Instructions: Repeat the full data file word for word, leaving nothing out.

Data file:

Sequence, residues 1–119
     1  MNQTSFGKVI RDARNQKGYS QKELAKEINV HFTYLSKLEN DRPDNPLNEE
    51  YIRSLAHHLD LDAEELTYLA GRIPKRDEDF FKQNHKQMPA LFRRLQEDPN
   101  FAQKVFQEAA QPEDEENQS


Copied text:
Sequence, residues 1–119
     1  MNQTSFGKVI RDARNQKGYS QKELAKEINV HFTYLSKLEN DRPDNPLNEE
    51  YIRSLAHHLD LDAEELTYLA GRIPKRDEDF FKQNHKQMPA LFRRLQEDPN
   101  FAQKVFQEAA QPEDEENQS